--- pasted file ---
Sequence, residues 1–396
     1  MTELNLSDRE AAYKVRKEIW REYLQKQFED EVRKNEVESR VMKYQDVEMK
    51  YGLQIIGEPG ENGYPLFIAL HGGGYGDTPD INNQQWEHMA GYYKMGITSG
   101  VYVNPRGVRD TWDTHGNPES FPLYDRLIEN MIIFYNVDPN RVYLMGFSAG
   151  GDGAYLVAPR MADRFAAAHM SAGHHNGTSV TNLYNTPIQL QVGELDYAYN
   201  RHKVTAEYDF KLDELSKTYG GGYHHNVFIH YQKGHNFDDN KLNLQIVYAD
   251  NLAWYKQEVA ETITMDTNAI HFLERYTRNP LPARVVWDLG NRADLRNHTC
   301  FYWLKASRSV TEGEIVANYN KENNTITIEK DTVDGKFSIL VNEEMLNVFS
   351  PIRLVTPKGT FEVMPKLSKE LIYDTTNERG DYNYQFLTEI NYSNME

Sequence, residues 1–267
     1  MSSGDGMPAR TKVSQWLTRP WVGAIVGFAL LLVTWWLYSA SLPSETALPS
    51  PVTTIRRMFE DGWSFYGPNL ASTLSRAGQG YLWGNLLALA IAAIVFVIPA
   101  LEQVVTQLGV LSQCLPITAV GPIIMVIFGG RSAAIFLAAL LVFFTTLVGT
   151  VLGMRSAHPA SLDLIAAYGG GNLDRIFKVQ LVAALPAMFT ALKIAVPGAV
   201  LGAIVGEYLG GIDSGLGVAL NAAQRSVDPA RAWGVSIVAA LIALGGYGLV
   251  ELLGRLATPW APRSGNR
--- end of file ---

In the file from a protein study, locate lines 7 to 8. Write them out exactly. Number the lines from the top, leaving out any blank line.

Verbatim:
   251  NLAWYKQEVA ETITMDTNAI HFLERYTRNP LPARVVWDLG NRADLRNHTC
   301  FYWLKASRSV TEGEIVANYN KENNTITIEK DTVDGKFSIL VNEEMLNVFS